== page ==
Calorie Restriction for the Brain

A new study in rhesus monkeys demonstrates one possible way in which calorie restriction protects against neurodegenerative conditions - Parkinson's in this case:

Researchers say the study suggests that calorie restriction may lessen the natural loss of dopamine that occurs with age and may reduce the risk of developing Parkinson's disease. Dopamine is a chemical used by the brain to control movement.

Although dopamine levels in the brain decline naturally with age, this decline becomes accelerated in people with Parkinson's disease and causes problems with movement and uncontrollable muscle tremors.

Researchers say previous studies have shown that people who eat a low-calorie, low-fat diet and those who exercise appear to have a lower risk of developing Parkinson's disease.

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The study showed that the calorie-restricted monkeys had higher levels of movement compared with monkeys fed an unrestricted diet. Levels of dopamine in the brain were higher in the monkeys fed the calorie-restricted diet. Those monkeys also had higher levels of a substance known as GDNF that helps dopamine cells survive longer.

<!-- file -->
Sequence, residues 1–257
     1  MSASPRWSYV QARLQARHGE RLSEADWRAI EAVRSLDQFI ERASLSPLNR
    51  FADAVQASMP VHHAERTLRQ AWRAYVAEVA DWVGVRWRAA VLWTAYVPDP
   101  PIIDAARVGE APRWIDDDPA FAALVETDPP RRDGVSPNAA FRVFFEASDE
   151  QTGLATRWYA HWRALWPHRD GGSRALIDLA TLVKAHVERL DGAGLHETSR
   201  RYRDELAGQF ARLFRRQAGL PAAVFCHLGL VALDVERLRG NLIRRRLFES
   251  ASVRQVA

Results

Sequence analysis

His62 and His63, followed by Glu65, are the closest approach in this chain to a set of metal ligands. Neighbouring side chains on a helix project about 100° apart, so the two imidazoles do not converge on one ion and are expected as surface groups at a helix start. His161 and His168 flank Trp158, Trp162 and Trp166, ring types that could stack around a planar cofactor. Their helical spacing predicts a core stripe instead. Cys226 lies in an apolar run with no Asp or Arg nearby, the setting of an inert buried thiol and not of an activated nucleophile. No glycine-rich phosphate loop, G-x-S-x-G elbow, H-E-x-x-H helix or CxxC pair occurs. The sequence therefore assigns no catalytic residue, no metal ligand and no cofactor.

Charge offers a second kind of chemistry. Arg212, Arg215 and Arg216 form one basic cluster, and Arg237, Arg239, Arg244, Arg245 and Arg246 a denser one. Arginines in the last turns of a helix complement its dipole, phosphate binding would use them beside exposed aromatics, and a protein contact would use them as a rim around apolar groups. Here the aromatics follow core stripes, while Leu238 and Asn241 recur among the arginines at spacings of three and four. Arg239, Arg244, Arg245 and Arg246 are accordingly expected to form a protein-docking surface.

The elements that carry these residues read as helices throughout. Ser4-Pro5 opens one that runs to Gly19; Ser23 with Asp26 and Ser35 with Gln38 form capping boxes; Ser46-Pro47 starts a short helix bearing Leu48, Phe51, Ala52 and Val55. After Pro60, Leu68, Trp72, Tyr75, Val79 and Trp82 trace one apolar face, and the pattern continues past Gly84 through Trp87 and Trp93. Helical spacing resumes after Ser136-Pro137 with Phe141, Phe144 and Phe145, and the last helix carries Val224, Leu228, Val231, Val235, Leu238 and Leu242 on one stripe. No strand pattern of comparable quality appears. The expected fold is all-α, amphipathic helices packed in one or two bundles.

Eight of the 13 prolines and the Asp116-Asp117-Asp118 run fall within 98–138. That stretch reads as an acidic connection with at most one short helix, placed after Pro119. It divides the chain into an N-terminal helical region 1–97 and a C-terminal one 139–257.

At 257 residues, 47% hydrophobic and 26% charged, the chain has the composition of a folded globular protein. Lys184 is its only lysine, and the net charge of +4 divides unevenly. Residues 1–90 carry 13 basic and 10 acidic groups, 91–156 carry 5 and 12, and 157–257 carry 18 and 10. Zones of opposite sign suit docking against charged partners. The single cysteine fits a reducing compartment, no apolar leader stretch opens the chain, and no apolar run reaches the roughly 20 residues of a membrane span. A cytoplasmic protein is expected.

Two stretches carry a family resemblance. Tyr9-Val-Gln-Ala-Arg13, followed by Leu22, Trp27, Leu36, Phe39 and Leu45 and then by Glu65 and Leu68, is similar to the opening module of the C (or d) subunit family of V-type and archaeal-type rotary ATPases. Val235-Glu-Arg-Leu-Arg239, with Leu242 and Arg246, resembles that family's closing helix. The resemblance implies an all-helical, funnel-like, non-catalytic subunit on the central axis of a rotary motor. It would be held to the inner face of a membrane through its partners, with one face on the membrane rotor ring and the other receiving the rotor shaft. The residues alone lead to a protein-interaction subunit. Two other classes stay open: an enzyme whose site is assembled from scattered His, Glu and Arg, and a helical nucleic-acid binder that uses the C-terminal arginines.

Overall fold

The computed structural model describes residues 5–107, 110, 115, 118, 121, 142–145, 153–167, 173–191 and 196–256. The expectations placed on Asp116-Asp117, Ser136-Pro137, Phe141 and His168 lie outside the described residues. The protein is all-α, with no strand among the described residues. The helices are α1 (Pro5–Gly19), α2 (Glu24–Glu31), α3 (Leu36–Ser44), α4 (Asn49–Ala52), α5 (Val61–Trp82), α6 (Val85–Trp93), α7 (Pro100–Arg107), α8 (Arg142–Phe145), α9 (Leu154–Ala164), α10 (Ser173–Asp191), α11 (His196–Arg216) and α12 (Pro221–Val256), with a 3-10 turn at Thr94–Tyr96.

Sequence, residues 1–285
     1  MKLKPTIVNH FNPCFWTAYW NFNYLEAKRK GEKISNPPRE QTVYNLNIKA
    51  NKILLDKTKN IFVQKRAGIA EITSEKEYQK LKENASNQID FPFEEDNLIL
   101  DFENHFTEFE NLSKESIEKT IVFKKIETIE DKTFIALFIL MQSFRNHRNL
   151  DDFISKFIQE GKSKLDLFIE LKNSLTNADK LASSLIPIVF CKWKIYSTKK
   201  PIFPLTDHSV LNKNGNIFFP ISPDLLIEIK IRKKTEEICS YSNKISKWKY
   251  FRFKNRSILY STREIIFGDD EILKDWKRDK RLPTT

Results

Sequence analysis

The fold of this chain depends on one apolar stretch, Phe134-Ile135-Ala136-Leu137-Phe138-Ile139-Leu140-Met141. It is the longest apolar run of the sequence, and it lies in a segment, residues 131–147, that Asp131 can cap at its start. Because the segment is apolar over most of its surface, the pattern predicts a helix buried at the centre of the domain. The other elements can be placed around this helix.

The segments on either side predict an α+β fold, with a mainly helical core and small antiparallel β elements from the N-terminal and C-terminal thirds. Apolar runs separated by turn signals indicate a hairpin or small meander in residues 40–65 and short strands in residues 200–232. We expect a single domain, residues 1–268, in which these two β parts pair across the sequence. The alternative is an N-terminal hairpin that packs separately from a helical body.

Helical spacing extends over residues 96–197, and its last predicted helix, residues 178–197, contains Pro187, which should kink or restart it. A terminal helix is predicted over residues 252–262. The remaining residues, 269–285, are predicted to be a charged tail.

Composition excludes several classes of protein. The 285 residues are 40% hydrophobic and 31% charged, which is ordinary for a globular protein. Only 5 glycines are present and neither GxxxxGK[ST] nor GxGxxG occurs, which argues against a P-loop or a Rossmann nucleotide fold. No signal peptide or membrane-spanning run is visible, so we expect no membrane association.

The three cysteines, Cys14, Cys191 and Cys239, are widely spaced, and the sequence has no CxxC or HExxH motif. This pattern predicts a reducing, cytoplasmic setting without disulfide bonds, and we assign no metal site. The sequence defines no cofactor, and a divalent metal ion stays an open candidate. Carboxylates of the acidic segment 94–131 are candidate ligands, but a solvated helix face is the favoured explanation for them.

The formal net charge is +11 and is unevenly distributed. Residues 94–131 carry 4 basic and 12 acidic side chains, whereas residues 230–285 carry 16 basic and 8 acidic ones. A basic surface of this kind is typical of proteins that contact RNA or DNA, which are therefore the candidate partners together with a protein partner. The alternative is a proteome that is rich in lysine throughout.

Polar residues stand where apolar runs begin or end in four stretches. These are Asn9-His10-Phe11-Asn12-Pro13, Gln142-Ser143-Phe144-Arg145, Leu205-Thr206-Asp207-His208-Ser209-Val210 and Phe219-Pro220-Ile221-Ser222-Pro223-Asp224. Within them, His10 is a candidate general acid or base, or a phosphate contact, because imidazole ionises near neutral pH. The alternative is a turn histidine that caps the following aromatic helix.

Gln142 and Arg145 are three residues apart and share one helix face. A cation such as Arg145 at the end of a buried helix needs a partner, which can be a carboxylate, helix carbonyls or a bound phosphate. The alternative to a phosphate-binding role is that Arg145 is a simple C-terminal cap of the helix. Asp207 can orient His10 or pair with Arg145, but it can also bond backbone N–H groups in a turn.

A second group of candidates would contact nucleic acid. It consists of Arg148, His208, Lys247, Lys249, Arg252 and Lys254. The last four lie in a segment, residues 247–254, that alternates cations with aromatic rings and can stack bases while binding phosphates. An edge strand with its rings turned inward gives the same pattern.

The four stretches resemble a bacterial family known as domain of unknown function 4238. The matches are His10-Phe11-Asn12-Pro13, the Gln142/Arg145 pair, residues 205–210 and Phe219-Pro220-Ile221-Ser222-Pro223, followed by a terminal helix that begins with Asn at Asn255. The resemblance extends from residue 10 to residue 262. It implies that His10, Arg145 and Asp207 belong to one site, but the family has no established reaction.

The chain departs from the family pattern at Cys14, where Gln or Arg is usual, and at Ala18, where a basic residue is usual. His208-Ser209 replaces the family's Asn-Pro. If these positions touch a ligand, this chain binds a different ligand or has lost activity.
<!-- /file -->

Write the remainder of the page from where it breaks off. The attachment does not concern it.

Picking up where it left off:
Researchers say these preliminary results suggest that long-term calorie restriction may reduce the risk of Parkinson's disease by increasing the production of GDNF and preventing the destruction of dopamine cells.

The weight of science backing calorie restriction suggests that it is the best and easiest currently available method of improving your health and increasing your healthy life span. On the grand scale of what is possible, however, calorie restriction is just a small step in the right direction. This is why those of us who want to live well for far longer must do more than just take care of our own health - we must devote time and energy to ensuring that the healthy life extension medicine of the future arrives in time.

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